I was still a fledgling Met back in those days, and so I was really in a frame of mind where, " ...I gotta see this to believe it..."     Lack of experience, combined with the 9 F at 8am on the Wx Lab monitor, with blue tinted dawn and flurries under the street lamps along the walk over, didn't lend to believing. 

    But, there was no high pressure N... In fact, it was even less so than this one is presently modeled to have. The baroclinic wall/associated cyclone approached from the W, not the S like this one will.  That event back then really was a completely unabated rush on the cold QB, and the QB was definitely going to unavoidably take a sack.  

    By noon, 9 had become 22. Freezing rain kicked in, which only accelerated the heat retreat - because once we started accreting ... phase change latency kicked in and sent the temp pretty quickly toward freezing.  By 3 is 32 ... 32.01 as Ray muses from time to time. The sky had changed texture. By 4, it was strato-streets visibly moving N with extreme rapidity...  35.   The cafeteria below Smith Hall opened for dinner at 5:30.  I was sitting there eating, and the bushes immediately outside the window were suddenly whipping around.  By then I knew this was the warm boundary...  At some point between 4:30 and 5:30 ( I had stopped paying attention out of resentment, ha) it came through and leaned tree tops over. When I stepped out shortly after 6, the night setting was sounds of turbines pushing 60 air up and over snow banks, that were sending Kelvin Hemholtz steam plumes rollin' down wind..  The air smelled like summer.  I think it was Friday... and the campus came to life. Students spilled out of dorms because ... I guess going from 9 to 62 musta been tee-shirt weather for lacking acclimation.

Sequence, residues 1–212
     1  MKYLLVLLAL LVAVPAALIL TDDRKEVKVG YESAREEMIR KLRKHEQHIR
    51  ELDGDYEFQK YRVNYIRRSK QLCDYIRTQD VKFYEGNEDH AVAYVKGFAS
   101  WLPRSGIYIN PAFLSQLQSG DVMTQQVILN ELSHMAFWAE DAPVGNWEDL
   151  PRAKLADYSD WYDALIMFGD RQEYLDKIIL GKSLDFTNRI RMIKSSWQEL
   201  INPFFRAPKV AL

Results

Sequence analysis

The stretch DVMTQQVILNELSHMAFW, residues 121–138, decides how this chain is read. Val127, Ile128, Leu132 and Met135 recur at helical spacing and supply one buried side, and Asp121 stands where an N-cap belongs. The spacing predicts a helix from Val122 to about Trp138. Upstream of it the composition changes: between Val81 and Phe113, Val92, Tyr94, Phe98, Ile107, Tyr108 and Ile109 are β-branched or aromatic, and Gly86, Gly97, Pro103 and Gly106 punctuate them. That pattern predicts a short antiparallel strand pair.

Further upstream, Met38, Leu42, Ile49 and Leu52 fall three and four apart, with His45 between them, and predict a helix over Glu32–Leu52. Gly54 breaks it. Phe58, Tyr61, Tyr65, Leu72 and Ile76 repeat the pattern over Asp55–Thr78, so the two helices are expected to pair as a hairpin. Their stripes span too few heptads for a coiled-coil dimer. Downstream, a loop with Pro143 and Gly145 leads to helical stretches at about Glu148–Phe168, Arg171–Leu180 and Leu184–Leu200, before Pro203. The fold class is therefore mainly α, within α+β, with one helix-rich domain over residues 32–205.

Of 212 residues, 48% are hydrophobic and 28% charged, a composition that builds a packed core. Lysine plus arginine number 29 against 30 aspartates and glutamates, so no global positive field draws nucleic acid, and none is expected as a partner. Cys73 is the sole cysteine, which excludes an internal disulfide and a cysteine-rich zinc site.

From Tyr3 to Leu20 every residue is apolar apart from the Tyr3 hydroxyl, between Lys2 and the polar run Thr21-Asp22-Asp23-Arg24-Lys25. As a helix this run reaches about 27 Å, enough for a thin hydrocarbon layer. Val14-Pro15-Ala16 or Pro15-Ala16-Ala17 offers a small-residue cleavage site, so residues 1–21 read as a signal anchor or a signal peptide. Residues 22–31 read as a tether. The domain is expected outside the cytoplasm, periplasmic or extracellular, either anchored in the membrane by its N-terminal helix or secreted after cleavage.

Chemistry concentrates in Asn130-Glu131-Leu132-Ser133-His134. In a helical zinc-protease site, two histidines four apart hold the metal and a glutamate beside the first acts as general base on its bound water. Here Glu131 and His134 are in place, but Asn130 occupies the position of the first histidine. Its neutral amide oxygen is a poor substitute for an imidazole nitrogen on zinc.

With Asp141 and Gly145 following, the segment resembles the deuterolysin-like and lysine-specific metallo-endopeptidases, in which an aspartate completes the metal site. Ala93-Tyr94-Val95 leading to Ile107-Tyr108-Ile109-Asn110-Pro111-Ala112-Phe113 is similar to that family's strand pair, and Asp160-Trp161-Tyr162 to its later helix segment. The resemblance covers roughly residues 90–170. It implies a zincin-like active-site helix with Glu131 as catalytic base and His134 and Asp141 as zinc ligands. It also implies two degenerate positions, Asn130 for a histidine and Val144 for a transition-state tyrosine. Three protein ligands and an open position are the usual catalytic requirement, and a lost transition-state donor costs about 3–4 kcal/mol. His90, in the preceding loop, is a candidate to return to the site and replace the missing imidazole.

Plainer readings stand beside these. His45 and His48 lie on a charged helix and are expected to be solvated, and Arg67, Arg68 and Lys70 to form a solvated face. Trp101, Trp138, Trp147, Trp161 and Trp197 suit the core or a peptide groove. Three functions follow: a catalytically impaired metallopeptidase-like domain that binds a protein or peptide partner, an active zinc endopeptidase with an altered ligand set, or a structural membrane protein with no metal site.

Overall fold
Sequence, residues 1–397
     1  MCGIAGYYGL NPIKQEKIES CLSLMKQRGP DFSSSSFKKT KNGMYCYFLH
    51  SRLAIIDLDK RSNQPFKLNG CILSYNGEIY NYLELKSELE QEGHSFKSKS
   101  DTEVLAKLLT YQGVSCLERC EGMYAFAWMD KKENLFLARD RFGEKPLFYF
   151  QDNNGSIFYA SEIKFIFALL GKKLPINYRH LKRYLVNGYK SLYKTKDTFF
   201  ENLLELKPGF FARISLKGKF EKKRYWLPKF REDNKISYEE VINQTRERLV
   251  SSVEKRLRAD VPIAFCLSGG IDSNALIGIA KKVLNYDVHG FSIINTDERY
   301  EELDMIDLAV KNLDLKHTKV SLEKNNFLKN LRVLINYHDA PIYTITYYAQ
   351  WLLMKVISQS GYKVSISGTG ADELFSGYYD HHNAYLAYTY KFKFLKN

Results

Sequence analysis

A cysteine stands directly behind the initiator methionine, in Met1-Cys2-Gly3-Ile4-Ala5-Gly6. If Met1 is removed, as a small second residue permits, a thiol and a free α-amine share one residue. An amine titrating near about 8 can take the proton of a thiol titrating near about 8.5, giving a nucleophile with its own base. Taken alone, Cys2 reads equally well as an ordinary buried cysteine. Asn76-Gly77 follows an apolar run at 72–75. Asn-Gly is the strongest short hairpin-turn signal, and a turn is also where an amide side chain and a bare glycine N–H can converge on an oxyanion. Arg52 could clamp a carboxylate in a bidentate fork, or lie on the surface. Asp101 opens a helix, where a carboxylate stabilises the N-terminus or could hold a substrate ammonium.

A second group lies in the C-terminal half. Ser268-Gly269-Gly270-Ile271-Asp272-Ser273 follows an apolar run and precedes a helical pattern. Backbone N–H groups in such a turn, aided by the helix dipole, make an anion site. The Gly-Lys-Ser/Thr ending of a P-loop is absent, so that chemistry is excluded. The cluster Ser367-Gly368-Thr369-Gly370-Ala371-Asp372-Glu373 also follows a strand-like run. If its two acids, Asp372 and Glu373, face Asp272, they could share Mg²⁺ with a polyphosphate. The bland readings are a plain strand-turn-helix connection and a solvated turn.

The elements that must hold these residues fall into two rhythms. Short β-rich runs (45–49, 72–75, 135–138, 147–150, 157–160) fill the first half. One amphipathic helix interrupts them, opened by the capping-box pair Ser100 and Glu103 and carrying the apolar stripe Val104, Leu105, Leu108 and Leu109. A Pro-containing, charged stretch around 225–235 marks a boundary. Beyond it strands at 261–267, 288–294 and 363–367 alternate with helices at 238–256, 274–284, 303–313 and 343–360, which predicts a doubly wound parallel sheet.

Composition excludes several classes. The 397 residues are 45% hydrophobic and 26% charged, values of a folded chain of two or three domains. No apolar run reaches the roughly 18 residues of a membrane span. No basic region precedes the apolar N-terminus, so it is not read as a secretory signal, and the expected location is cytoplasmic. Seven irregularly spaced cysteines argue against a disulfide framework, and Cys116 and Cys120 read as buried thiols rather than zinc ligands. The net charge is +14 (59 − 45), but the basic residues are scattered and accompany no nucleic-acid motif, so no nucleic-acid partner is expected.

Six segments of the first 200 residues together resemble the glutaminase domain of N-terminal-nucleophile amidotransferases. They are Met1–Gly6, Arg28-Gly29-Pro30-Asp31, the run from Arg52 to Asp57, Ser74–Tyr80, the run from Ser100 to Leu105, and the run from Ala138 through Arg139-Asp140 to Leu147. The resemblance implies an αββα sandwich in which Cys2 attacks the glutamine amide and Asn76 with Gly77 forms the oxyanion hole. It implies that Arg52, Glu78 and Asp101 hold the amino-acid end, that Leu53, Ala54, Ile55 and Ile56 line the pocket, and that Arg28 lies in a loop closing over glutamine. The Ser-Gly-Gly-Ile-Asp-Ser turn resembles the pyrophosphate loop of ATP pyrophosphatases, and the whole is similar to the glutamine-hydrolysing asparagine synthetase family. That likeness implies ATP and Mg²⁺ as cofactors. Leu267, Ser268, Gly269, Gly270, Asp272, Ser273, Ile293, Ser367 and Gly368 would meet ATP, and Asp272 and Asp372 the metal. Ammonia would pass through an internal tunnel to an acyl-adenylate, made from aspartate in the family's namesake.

Sparing furthering misery of that anecdote, ...last year's Grinch storm?  Same... Huge snow pack.  Pretty chilly ( though not 9 ) the day before... Completely naked and no defense to a full latitude trough moving E across the country.

    This is not like those.

     

    January 28, 1994 perhaps.  Burlington went from -28 on the 27th to 47 on the 28 and back to a high of 9 on the 30th.

    https://w2.weather.gov/climate/xmacis.php?wfo=btv

    1994-01-15 7 -14 -3.5 -21.8 68 0 T T 15
    1994-01-16 -5 -18 -11.5 -29.7 76 0 T T 14
    1994-01-17 28 -5 11.5 -6.7 53 0 0.29 5.6 14
    1994-01-18 24 -4 10.0 -8.2 55 0 0.05 0.6 19
    1994-01-19 3 -17 -7.0 -25.2 72 0 0.00 0.0 16
    1994-01-20 7 -6 0.5 -17.7 64 0 T T 16
    1994-01-21 13 -1 6.0 -12.2 59 0 T T 15
    1994-01-22 17 -2 7.5 -10.7 57 0 0.02 1.0 15
    1994-01-23 20 -13 3.5 -14.7 61 0 0.10 2.5 16
    1994-01-24 31 17 24.0 5.7 41 0 0.02 0.5 16
    1994-01-25 17 0 8.5 -9.8 56 0 T T 15
    1994-01-26 0 -25 -12.5 -30.9 77 0 0.00 0.0 13
    1994-01-27 15 -29 -7.0 -25.5 72 0 T 0.1 13
    1994-01-28 47 14 30.5 12.0 34 0 0.31 0.6 14
    1994-01-29 44 9 26.5 7.9 38 0 0.01 0.1 12
    1994-01-30 9 -8 0.5 -18.2 64 0 T 0.1 11
    1994-01-31 10 -13 -1.5 -20.3 66 0 0.00 0.0 11

     

    I remember sitting in my room with the 6 PM news talking about rain for the next day while it was sitting at -26.